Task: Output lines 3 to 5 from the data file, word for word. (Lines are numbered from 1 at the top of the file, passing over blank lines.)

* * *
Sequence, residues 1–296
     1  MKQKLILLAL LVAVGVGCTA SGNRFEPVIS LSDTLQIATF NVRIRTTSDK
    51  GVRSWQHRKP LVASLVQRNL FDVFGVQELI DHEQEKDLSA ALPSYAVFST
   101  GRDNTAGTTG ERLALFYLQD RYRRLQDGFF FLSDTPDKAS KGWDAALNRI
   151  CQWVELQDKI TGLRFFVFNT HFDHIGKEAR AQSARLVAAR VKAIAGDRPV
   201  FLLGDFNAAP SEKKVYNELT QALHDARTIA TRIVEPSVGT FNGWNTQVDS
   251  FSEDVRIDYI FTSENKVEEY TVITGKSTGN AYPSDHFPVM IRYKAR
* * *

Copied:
    51  GVRSWQHRKP LVASLVQRNL FDVFGVQELI DHEQEKDLSA ALPSYAVFST
   101  GRDNTAGTTG ERLALFYLQD RYRRLQDGFF FLSDTPDKAS KGWDAALNRI
   151  CQWVELQDKI TGLRFFVFNT HFDHIGKEAR AQSARLVAAR VKAIAGDRPV